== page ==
Skip to main content

Review: The House at Midnight, by Lucie Whitehouse

The House at Midnight is the first novel by British author Lucie Whitehouse. Neo-Gothic in tone, the story is primarily about the relationships between seven friends from college: Joanna (the narrator), Lucas, Danny, Michael, Martha, Rachel, and Greg. When Lucas inherits Stoneborough Manor from his uncle Patrick, he encourages his friends to treat the mysterious old house as their own. Soon, Joanna finds herself in a romantic relationship with Lucas, he decides to move in with his parasitic friend Danny, and things get trickier when Joanna discovers Rachel and Greg in a compromising position on the floor one night.

There’s a whole slew of interchangeable (and sticky) relationships between these seven characters, characterized by a lot of drinking and drug-taking. It took the author six years to write, and I get the feeling that she began the novel thinking that she originally intended the characters to be younger than they eventually turned out to be. Although approaching the age of thirty, all of these people act as though they’re still in college and trying to figure out their lives. The novel is heavy on the relationships between these characters and not so heavy on character development and plot. Even Joanna, the narrator, isn’t a particularly attractive character; she’s a little bland, and blasé about her career, relationships, and future.

I picked up this novel because I thought that this would be a Gothic type of novel, similar to Barbara Vine’s work; but the key to writing a Gothic novel is using subtlety, which this book doesn’t have. It seems as though the reader is repeatedly hit over the head with how eerie Stoneborough Manor is, or appears to be. Also, the ending, while truly unexpected, seemed a little bit tacked-on. I give the author props for writing about what she knows best, and for the intriguing premise of the novel; but the execution of that premise ultimately falls flat. This book has been compared to Donna Tartt’s The Secret History; and while I see superficial similarities between the two books, The House at Midnight doesn’t even come close to the other.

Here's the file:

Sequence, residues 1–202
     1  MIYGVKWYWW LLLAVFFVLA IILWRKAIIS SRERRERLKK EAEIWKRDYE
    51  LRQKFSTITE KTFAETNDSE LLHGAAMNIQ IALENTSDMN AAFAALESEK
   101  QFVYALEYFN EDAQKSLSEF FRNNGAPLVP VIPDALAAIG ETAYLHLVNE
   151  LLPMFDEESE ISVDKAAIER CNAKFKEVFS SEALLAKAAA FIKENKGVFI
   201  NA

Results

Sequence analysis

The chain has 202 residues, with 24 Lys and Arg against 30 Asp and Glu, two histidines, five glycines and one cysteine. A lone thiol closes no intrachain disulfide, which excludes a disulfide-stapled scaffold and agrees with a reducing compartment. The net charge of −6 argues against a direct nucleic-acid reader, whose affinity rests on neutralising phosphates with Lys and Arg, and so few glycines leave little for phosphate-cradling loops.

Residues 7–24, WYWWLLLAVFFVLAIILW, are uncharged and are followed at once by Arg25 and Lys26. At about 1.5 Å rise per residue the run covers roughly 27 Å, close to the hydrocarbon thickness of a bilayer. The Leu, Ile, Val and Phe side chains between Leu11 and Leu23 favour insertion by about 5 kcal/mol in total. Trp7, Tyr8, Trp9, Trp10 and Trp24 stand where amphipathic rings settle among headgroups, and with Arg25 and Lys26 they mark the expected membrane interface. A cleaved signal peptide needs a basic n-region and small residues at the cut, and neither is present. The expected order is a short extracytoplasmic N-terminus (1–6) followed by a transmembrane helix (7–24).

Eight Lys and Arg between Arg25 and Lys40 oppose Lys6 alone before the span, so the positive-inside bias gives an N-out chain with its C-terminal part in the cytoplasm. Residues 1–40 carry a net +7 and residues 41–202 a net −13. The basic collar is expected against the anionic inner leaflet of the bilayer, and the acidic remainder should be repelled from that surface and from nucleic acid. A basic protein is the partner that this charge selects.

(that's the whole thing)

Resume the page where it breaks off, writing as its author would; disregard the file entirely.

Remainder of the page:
Anonymous said…
Sounds like maybe a good beach read, no? Sometimes I like these mixed-up relationship books. Especially since my life is pretty tame.
bethany said…
oh, I have this....and need to read it!!! thanks for the review. I should get with it!

ps thanks for visiting my blog :)
Terri B. said…
Thanks for the review! I got a free copy of this last week at ALA. I'm looking forward to reading it.
Alea said…
The cover definitely gives off a sort of creepy, gothic, mysterious vibe. Sounds interesting... and that title!
Katherine said…
Has anyone actually read my review of this book?
Alea said…
Haha! Yes. It still sounds kind of interesting though! The cover is semi-misleading it sounds like, but also maybe a little romantic.
Lenore said…
Thanks for the brutally honest review. I sure love that cover though. I think it's that shade of green. Gets me every time :)

Popular posts from this blog